Stereolab / Field Music
8

  • London
  • United Kingdom
  • Koko
  • 2006-05-11

Sunderland 3-piece, Field Music, take the Futureheads dynamic multi-harmonies and filter them through a Brian Wilson-built folk-pop experimentation device rather than Gang Of Four’s jerky punk. They played a half-hour of splendid short indie pop songs about girls and things, including recent single “You’re Not Supposed To” and “You’re So Pretty” — the latter of which was so good I wanted it to go on for ever. But it couldn’t as another band rather wanted to play too.

That band was Stereolab. After 16 years, 18 albums, 16 EPs, countless singles and other ephemera you would expect quality in 90 minute set. And quality was most certainly forthcoming. With such a vast back catalogue they were able to please just about everyone and there were obscurities for the die-hards and singles for the passing fan. Although they have very much a recognisable ‘sound’ they demonstrated the various styles that they have mastered during their existance.

These different styles of the Stereolab sonic personality show a band willing to diversify, take risks and still deliver.

Their recent limited 7” single collection Fab Four Suture gave forth three tracks, the perfectly crafted introspection of “Whisper Pitch”, “Eye Of The Beholder” with it’s urgent thrash of a chorus and “Excursions into Oh A Oh”. On record “Excursions…” is a neat slice of sixties psychedelia but live it becomes a sort of cosmic disko, bringing an addictive bassline and twin horn attack of trumpet and trombone (it was preceded by Laetitia asking “Are you ready to dance?” We were very soon).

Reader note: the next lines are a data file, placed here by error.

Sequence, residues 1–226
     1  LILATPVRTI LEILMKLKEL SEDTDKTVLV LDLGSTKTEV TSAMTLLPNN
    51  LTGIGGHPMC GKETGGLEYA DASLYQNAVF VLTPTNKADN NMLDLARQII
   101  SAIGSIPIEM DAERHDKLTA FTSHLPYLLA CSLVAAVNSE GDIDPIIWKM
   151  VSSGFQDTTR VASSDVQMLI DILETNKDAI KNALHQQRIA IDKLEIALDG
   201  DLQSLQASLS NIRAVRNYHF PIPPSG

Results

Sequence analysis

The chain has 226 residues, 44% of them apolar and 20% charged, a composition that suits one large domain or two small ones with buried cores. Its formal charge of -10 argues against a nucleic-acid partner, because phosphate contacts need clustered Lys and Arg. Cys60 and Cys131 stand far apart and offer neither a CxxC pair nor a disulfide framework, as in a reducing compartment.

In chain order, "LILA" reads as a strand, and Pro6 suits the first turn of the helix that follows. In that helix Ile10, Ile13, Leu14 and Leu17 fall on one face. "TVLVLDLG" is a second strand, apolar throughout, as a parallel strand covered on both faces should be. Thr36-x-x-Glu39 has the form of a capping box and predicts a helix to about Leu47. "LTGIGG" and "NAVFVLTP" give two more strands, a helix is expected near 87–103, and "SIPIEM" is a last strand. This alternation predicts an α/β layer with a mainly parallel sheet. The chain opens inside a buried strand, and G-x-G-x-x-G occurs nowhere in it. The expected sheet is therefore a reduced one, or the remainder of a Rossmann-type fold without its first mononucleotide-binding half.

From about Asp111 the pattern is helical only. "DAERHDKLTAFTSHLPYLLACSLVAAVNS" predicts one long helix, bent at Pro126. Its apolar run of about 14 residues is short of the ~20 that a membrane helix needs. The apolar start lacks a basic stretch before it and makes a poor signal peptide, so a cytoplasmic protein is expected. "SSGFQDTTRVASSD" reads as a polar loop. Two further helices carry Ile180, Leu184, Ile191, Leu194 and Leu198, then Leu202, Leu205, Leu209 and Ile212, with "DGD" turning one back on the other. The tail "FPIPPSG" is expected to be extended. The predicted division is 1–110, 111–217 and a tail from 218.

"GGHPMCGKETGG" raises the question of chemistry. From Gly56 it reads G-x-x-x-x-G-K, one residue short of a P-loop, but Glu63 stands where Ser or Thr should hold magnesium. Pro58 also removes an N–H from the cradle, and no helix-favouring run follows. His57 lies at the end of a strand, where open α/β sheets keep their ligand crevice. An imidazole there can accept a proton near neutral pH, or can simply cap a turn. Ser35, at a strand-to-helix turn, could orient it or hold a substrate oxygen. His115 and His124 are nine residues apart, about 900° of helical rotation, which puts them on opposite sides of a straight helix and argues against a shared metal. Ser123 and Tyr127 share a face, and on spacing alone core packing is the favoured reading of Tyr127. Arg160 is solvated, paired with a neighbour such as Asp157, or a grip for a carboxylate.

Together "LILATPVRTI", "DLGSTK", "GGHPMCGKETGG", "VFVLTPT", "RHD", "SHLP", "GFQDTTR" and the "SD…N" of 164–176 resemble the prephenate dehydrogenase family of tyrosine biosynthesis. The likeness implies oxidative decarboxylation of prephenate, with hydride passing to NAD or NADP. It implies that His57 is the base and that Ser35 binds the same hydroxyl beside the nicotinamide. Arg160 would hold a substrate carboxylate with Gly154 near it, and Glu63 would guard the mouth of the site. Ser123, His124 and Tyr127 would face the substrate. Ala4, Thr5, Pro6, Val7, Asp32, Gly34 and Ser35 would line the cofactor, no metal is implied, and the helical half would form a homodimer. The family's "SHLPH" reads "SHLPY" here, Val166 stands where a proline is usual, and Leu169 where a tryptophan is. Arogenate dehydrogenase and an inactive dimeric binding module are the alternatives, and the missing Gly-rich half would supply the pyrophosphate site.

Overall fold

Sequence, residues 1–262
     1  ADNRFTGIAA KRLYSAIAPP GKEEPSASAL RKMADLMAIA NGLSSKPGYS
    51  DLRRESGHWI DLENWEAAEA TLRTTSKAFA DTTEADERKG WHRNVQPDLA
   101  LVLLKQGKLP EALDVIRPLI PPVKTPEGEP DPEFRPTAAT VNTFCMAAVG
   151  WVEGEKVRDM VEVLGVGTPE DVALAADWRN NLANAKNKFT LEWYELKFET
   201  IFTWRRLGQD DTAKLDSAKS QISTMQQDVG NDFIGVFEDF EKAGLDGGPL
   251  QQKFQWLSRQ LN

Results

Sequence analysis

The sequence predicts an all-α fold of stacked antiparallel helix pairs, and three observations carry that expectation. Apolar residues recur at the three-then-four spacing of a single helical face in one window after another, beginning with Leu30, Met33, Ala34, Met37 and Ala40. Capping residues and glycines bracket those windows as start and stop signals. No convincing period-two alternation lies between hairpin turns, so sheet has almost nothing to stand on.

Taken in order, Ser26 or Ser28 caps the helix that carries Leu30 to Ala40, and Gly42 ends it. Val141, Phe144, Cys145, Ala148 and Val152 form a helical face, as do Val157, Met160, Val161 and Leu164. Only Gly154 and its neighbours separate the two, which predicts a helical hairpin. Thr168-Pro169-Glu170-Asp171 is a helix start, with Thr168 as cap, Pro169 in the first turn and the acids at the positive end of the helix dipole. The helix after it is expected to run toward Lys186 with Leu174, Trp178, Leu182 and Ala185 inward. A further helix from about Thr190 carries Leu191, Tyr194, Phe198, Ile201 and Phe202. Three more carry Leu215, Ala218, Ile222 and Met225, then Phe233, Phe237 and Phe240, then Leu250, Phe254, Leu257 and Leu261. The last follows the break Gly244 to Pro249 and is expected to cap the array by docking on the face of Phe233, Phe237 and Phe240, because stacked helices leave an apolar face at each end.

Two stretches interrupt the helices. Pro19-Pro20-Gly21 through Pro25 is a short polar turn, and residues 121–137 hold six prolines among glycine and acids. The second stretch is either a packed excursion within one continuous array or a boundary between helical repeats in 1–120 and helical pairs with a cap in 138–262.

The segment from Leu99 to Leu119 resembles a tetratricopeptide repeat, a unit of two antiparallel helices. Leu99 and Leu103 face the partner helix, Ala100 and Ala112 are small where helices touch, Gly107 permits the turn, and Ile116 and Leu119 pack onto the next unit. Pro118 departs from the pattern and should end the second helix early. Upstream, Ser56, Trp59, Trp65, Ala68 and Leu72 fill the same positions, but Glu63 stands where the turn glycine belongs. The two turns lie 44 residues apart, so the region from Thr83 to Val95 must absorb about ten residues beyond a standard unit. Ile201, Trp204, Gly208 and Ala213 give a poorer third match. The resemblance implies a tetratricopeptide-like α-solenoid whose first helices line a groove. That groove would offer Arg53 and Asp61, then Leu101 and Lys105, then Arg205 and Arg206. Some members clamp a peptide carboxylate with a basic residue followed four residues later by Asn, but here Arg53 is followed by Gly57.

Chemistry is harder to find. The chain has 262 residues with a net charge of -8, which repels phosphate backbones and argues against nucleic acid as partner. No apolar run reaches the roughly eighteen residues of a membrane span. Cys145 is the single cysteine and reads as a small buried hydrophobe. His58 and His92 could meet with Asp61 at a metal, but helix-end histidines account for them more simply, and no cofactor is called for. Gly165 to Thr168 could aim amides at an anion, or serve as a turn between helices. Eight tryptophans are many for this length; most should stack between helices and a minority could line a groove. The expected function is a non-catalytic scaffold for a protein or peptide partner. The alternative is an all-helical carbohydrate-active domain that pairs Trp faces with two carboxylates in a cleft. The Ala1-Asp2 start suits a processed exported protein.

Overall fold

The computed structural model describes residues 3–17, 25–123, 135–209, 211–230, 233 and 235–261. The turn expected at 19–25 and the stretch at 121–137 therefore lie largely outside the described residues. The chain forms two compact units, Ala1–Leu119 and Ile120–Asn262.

Of course they also played the moog-driven favourites, like “Miss Modular”, the Gainsbourg breakbeats of “Sudden Stars” and elegiac majesty of “Cybele’s Reverie”. In addition, the penultimate track before their first of two encores was a furious motorik groove reminiscent of Neu! or possibly Can. These different styles of the Stereolab sonic personality show a band willing to diversify, take risks and still deliver. There have been times when the 17 minute dirges or electronic experiments on record didn’t work, but name an artist who hasn’t made duff tracks in a 16 year career? One needs only to look back at the highlights of great show, received raptuously, to see what a treasure they are. Laetitia sangs, on “Whisper Pitch” that “We should never write ourselves off”. You would do so at your peril.

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